vinyl1 (vinyl1) wrote in times_xwd_times,
vinyl1
vinyl1
times_xwd_times

Times 24814 - Suitable for beginners?

Solving time:23 minutes

Music: Symphony #4, Horenstein/LSO






This was an unusually easy puzzle that only caused me a little trouble. I couldn't see a couple of obvious ones in the SE, and got held up a little bit after racing through most of it in under 15 minutes, a good time for me. I mostly didn't bother with the cryptics, and may have to figure some of them out as I write the blog.

As indicated, rank beginners might be able to solve a substantial portion of this one, or even finish.

One hour later

After writing the blog, there are two cryptics I am not entirely satisfied with, even thought the answers are absolutely certain. I am not sure if I am obtuse, or the puzzle is not well-clued, or the real clues got mangled in the typesetting. Well, that's why we have comments here, so go at it.

Across
1SIGMA, middle letter of Aesop, but not really. His name is spelled alpha, iota, sigma, omega, pi, omicron, sigma, so the middle letter is actually omega. The setter must have thought he was third declension, but he is second.
4PROTOCOLS, PRO + TO(C)OLS. PRO is indicated by 'for', since a drill is not a pro tool, but is used by amateurs everywhere.
8CROCODILE TEARS. CROCODILE(TEAR)S. I suspect there is an allusion to a children's game or rhyme that I don' t know, so I open the floor to our erudite commenters.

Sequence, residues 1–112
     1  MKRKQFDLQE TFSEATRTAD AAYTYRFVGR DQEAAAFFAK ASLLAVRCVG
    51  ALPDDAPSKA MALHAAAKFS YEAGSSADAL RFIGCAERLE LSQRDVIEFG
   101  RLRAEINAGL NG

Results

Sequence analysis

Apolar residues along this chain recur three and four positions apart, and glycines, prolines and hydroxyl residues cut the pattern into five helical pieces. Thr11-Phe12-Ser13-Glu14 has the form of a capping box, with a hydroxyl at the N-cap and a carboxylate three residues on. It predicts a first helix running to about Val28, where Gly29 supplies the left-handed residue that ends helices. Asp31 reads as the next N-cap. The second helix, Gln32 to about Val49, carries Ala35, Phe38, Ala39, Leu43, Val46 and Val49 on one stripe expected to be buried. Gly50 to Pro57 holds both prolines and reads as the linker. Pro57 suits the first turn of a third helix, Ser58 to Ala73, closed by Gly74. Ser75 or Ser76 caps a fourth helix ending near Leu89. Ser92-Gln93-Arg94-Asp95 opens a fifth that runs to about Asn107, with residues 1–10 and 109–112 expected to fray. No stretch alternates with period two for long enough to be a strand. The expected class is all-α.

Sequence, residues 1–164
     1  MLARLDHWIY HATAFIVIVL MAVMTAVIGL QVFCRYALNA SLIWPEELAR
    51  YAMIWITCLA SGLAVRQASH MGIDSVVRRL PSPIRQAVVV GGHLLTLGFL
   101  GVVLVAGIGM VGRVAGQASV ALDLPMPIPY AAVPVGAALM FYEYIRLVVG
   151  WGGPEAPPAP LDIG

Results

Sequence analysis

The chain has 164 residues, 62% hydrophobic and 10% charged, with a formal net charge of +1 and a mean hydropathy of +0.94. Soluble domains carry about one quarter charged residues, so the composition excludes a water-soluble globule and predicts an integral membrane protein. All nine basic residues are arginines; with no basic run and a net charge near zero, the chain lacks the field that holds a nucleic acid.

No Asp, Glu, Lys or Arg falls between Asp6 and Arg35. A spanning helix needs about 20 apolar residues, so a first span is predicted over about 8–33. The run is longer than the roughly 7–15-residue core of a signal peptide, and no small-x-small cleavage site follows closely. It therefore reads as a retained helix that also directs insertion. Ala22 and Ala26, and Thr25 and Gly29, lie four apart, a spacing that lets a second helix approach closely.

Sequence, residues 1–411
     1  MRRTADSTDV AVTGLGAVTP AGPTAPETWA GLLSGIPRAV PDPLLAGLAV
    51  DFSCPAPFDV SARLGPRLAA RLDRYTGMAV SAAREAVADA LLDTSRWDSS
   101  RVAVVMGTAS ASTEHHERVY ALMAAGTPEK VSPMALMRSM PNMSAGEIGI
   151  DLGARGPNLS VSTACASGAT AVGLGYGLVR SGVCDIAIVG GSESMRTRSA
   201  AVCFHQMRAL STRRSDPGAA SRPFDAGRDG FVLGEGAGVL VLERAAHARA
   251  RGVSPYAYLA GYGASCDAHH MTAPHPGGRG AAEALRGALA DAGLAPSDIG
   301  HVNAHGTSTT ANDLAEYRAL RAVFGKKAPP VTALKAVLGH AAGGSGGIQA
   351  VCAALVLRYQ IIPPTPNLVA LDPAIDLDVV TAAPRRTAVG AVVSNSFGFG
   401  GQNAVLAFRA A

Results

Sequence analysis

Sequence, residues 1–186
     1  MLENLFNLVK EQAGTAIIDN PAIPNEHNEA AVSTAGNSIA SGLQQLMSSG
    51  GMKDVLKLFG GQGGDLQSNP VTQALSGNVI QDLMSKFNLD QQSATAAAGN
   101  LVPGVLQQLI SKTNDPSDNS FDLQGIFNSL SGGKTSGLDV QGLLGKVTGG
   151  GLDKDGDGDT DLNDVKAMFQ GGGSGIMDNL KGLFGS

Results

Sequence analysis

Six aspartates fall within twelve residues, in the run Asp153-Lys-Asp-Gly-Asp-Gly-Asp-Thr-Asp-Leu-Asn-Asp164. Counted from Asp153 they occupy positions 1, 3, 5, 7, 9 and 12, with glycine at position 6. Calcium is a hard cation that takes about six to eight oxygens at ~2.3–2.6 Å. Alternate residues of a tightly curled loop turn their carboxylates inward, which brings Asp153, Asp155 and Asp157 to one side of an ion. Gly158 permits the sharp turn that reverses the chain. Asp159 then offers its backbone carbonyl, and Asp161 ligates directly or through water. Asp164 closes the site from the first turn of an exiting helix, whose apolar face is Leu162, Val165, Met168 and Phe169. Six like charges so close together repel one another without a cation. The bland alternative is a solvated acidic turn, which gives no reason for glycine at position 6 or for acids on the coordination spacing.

10NUMERICAL, anagram of MAIN LUCRE.
11DREAR, DR + EAR. The cryptic is a little awkward, with 'demanding' not serving much of a function.
12TROPPO, OP + PORT backwards.
14FORGIVEN, FORG(IV)E + N[ote]. I never liked N = 'note', but there you are.
17NEONATAL, N(anagram of ONE)ATAL. The answer is telegraphed by the literal, no need for the cryptic.
18VESSEL, double definition, where a bark is a ship. I was expecting something a little fancier.
20NURSE, triple definition. I got it from the fish, and only then realized that Florence Nightingale was meant.
22ECCENTRIC, E(C + CENT)RIC. Another clue where 'fellow' can indicate any male name.
24WESTERNISATION, anagram of STEW IN ORIENT, AS. Why westernisation would improve the cuisine is not clear.
25PSALTERY, PSALTER + Y. Not the first book you think of, but reasonably fair.
25DINGY, DING[h]Y.
 
Down
1Omitted, need I say?
2GROOM, G[iven} + ROOM.
3APOCRYPHA, anagram of HAPPY, CORA. One of the most well-known books in that disputed seuuence.
4PRINCE, PRI(N)CE.
5OVERLOOK, OVER = deliveries in cricket, LOOK = butcher's hook in Cockney rhyming slang.
6OREAD, O + RE + AD. The Royal Engineers, however, do not in themselves constitute a whole army, so a little weak.
7OURSELVES, anagram of LOVERS SUE, a classic lift and separate, where 'us, emphatically' is the literal.
9TRANSLUCENCY, TRA[i]NS + ???. It ought to be a 'C' inside a particular city, but I don't see it. Suggestions? OK, Sotira has it. The crytic is LUCE inserted into TRA[i]NS, N(C)Y. My problem was taking 'Filmy quality of fish' as the literal.
13ODOURLESS, [p]O[p]S[y] around DOUR LES, another arbitrary man's name.
15GREENLAND, GREEN + LA(N)D.
16CAREFREE, CA (chartered accountant) + REF[e]REE.
19ACUITY, A(CU)IT + Y.
21EXTOL, hidden in [middles]EX TO L[ondon]. This meaning of 'crack up' is mostly used in negative phrases, e.g. 'not all he's cracked up to be'.
23REIGN, sounds like rain, i.e.CATS AND DOGS!
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